The Tower of Babel

Written on: January 31, 2022

Article by: Bob Sandiford

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Text: Genesis 11:1-9

(NIV) Now the whole world had one language and a common speech. 2 As people moved eastward, they found a plain in Shinar and settled there. 3 They said to each other, “Come, let’s make bricks and bake them thoroughly.” They used brick instead of stone, and tar for mortar. 4 Then they said, “Come, let us build ourselves a city, with a tower that reaches to the heavens, so that we may make a name for ourselves; otherwise we will be scattered over the face of the whole earth.”
5 But the LORD came down to see the city and the tower the people were building. 6 The LORD said, “If as one people speaking the same language they have begun to do this, then nothing they plan to do will be impossible for them. 7 Come, let us go down and confuse their language so they will not understand each other.” 8 So the LORD scattered them from there over all the earth, and they stopped building the city. 9 That is why it was called Babel —because there the LORD confused the language of the whole world. From there the LORD scattered them over the face of the whole earth.

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The basic story is about a tower that some people built a long time ago – thousands of years ago, in fact. But, far from just an interesting incident, God had a purpose for having Moses write it down. The account is about human pride and rebellion, underlining the importance of obedience to God’s word and the consequences of failing to do so.

This story is set in history, taking place sometime after Noah’s death as recorded in Gen 9:28.

  • Gen 10 is about the descendants of Noah’s sons and their wives. And – this fits in just before the account of God calling Abram, at the start of Gen 12.

Looking back to Noah:

  • After the flood, Noah built an altar and offered sacrifices on it, and God made a covenant with the earth to never again destroy it by flood – that is, to kill all humanity and all living creatures with a flood, and the rainbow is the sign of that covenant. (8:20-9:17)
  • God also blessed Noah and his sons, and gave them some commands, the first and last of which was, “Be fruitful and increase in number and fill the earth.” (9:1 & 7)
  • The ‘be fruitful’ seemed to be no problem – all of Gen 10 is the record of how fruitful Noah’s sons were. Helped out by them living for a few hundred years after the flood! (e.g. Shem 9:11)

Whether this took place before all the migration described in chapter 10, while all the people were still together, or whether this was one of the branches of Noah’s family, we come to the episode of the tower of Babel in chapter 11. It could certainly fit chronologically before the scattering of the people described in chapter 10. And, as we’ll see, this would also make sense in context of the events surrounding the tower.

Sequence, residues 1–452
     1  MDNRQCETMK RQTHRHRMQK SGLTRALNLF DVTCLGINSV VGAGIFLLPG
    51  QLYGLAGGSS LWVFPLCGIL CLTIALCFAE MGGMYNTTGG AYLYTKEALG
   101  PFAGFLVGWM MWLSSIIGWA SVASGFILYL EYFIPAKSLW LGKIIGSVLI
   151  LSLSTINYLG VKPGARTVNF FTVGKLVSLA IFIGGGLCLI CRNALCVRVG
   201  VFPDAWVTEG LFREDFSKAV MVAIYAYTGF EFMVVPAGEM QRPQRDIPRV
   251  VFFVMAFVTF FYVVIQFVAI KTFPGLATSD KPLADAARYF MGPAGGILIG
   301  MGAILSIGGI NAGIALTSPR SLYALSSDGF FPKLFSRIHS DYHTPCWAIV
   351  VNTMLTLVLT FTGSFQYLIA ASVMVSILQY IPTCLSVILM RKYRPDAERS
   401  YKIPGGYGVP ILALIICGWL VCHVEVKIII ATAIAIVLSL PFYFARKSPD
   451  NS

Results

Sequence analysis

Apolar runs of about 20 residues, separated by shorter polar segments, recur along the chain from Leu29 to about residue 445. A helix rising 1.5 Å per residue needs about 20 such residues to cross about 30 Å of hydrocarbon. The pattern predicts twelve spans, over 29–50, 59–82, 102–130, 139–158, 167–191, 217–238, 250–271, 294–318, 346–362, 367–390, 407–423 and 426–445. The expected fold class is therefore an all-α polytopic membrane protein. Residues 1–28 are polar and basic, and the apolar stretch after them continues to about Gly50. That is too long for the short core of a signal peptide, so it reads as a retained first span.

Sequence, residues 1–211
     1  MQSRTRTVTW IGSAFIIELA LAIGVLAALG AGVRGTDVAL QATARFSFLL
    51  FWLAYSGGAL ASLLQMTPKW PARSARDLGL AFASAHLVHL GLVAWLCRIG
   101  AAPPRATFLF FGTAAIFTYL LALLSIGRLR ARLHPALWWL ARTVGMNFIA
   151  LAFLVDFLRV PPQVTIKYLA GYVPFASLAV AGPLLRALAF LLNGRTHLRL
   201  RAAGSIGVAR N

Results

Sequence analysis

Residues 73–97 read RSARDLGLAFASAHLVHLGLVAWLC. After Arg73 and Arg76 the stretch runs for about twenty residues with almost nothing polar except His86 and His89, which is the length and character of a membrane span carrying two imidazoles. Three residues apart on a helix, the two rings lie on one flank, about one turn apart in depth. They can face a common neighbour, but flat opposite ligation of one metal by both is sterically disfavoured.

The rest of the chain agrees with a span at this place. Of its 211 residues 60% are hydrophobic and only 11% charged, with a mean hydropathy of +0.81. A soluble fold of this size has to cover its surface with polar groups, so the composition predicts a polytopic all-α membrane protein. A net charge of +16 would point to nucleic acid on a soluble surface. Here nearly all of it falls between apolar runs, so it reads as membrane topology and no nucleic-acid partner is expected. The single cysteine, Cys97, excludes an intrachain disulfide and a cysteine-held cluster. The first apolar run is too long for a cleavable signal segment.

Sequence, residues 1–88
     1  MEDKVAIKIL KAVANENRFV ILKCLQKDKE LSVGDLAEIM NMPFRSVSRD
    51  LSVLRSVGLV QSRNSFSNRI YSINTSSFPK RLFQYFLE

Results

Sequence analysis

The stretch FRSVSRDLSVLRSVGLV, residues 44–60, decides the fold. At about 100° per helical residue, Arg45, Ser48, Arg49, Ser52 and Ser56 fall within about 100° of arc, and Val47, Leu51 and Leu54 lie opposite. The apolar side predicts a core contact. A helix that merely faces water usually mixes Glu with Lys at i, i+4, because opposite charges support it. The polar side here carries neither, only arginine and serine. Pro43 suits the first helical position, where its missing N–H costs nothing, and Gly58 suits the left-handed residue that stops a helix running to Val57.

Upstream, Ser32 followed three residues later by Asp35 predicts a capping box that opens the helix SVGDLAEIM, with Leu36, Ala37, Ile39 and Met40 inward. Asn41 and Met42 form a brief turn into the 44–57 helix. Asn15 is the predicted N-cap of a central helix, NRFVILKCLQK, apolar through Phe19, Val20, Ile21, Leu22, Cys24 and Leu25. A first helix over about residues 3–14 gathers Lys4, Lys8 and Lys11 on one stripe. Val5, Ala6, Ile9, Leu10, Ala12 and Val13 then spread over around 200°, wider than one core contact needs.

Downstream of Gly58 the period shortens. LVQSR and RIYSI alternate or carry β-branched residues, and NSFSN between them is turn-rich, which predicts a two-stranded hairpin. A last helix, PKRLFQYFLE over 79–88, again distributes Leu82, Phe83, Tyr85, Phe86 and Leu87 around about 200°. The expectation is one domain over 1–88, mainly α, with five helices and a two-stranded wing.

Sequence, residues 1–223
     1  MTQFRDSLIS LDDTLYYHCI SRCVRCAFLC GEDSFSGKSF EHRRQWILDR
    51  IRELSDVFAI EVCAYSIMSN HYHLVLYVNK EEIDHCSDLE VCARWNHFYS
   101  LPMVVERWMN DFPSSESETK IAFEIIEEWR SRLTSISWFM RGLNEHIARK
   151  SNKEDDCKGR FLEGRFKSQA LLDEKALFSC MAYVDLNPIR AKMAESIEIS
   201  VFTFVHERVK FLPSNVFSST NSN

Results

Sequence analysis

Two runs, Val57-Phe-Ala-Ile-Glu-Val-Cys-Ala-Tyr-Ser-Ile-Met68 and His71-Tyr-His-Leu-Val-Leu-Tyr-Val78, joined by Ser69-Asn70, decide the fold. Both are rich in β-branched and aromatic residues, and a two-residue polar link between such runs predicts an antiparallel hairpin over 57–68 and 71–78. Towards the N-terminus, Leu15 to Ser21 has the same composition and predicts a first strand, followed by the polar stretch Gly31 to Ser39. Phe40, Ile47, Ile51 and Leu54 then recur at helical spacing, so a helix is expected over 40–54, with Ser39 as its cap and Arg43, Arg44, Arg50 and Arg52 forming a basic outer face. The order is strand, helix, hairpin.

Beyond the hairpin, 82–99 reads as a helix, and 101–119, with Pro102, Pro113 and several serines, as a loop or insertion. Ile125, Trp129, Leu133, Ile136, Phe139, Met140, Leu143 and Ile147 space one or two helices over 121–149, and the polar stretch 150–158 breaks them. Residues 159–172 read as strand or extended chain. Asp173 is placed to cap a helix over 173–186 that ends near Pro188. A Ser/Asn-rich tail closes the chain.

The location was somewhere in what was to become Babylon and today is modern day Iraq.

  • This may have been under Nimrod, Noah’s great-grandson. Gen 10:10 indicates that Shinar was the location of his kingdom.
  • It’s not surprising that everyone alive at the time shared a common language – all were descended from Noah and his three sons.
  • They found a place and settled there – they weren’t spreading out as God commanded and in fact were resistant to God’s will. They didn’t want to be ‘scattered over the face of the whole earth’ and lose the advantages of a denser population base (11:4)
  • So a decision was made to build not only a city, but also a tower that would be as high as they could make it – figuratively ‘a tower that reaches to the heavens’.
    • This wasn’t an attempt to reach God – it was an attempt to make something so other people would remember them – to make a name for themselves – and something to centre their civilization around, rather than spreading out.
    • Think about it – this was taking place on a plain – plains are flat – so anything tall would be seen from a great distance.
    • It seems that they pioneered the technology of brick-making by baking clay. They did this because stone is not abundant in a fertile plain.
    • The plain where they lived must have been fertile, since there was enough food produced not only for the farmers, but for the workers who would be making the brick, bringing in wood, and building the city and the tower.
    • Archaeology has uncovered a number of ancient towers in the area – called Ziggurats. Square bases, sloping sides, with a small shrine at the top.
      • Observation – even the building materials were man-made, not God-made.
  • Before the tower was finished, God came to take a look.
    • This is figurative of course since God would have known everything about what was going on all along.